Greek saganaki is very much like Polish pierogi: it’s an all-encompassing, almost generic term which nevertheless means something precisely specific to the person who brings the subject of the dish up. Pierogis can hide virtually any filling inside the pasta-like casing: meat or veg, sweet and savoury, cheese or vegan. Possibly excluding fish but hell, you never know what the millennial blogsters are up to these days. Me, I’m old-fashioned, with an expat’s nostalgia journeying to my childhood Christmases in my mind, to mushroom-cabbage stuffing. The shortage of choucroute or wild ceps in the UK intensifies my yearnings.
Saganaki turns out to be a dish derived from its container, a little like tapas: it’s anything cooked and served in a tiny skillet, small sagani. It’s NOT a type of cheese as I long mistakenly thought. A number of things can be saganaki-ed including vegetables and sausages, but my Greek friend like a lot of her compatriots always means fried cheese when she talks about it.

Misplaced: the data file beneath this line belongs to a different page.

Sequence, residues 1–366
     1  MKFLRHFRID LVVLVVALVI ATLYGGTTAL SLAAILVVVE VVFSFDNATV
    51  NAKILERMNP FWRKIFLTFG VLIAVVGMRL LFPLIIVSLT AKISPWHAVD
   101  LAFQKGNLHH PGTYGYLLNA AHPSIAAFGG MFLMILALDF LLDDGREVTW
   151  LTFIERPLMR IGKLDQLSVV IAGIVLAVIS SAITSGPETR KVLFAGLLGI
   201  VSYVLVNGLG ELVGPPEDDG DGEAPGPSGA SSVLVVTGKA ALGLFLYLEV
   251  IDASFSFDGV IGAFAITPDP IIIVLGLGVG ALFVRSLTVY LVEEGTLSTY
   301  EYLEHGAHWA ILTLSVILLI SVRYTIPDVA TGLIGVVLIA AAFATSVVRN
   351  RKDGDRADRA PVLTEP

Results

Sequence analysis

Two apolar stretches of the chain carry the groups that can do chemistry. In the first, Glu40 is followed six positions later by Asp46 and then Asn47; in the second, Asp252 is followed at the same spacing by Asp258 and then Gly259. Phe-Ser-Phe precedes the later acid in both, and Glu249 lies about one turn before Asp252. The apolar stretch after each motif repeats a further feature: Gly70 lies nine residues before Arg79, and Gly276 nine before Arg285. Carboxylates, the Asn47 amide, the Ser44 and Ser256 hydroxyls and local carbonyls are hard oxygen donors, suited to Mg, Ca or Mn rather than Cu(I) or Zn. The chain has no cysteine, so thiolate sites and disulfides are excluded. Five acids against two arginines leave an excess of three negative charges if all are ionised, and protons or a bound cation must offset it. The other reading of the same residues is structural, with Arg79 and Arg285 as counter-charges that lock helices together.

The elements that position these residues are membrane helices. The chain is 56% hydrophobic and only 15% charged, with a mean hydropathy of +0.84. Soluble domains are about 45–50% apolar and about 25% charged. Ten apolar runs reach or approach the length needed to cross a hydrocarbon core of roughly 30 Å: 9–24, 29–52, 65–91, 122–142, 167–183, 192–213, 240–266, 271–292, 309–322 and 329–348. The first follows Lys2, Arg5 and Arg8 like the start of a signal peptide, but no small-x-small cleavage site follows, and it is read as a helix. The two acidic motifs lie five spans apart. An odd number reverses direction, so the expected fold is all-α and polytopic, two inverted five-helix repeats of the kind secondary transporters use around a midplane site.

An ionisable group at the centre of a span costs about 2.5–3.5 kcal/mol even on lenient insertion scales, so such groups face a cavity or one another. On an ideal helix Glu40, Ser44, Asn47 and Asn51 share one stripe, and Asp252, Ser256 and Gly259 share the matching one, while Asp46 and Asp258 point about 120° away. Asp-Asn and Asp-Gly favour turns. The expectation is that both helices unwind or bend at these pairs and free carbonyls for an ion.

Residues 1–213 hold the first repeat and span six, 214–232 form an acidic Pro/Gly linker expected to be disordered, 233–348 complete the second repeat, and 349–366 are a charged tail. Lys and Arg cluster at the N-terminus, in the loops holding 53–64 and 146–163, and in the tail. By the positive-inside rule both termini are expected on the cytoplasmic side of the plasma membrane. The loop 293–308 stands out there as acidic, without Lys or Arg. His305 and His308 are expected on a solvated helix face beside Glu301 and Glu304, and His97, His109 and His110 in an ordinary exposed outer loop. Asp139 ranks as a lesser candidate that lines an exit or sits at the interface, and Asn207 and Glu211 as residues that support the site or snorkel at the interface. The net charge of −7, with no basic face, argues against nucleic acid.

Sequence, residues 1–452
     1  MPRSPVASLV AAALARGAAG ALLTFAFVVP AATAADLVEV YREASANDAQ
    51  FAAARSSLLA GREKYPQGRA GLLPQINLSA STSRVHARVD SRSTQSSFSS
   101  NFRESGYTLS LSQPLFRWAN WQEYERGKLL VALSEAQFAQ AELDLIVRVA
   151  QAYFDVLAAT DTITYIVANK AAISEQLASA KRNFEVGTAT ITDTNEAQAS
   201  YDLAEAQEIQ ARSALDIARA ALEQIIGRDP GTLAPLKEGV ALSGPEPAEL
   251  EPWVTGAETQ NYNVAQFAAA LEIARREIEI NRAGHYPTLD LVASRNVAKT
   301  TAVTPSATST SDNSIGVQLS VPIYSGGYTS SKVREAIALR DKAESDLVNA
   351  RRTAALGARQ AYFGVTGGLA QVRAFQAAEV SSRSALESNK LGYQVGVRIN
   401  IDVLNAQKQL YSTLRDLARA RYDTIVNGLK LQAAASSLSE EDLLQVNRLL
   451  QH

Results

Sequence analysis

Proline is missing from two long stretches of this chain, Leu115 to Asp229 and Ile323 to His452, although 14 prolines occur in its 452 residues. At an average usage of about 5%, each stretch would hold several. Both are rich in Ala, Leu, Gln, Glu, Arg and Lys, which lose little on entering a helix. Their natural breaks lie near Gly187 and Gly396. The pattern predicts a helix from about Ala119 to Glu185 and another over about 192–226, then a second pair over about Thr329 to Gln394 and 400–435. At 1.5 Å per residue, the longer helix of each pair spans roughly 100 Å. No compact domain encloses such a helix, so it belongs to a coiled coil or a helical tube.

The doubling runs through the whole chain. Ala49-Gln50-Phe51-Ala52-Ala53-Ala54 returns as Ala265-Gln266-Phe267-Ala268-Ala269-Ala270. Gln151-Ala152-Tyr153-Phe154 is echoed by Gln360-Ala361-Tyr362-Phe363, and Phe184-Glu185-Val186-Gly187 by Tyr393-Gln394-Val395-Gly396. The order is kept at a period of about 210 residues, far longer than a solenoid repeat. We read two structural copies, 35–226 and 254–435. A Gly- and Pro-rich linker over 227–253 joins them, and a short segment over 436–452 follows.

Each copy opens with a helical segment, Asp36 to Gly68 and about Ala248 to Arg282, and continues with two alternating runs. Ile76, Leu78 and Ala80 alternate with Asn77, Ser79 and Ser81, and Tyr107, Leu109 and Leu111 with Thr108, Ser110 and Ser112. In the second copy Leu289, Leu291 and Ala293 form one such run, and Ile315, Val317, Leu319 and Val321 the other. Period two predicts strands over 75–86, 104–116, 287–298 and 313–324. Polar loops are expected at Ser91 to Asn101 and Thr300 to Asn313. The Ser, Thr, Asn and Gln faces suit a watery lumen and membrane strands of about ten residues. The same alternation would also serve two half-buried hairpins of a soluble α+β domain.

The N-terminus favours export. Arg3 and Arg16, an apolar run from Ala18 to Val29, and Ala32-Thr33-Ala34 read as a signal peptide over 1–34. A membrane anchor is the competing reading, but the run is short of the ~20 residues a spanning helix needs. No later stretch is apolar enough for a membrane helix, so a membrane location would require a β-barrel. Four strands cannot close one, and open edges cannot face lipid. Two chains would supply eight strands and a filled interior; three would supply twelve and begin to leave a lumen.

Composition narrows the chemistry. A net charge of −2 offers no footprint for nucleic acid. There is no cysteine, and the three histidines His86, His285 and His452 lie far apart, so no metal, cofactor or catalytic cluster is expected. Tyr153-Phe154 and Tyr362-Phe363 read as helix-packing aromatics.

To my surprise, it needn’t be haloumi (which is Cypriot anyway so wrong to think of it in a Greek dish on many levels) or anything melty and squidgy. Very often feta is given the treatment of rinsing under cold tap, dredging in flour and slapping into a – tiny or not – hot skillet. It is surprisingly nice even though it doesn’t melt; clearly Greeks are more open minded about fried cheese than me, who takes oozing for granted.
If you use feta or manouri, which is a bit like firm ricotta, the effect is refreshingly different: crumbly instead of oozy, crisp on the outside, delicious with a squeeze of lemon and offset by a sweet companion. I made it with caramelised figs which ended up served in my little saganaki dishes, instead of the cheese. May Zeus forgive me.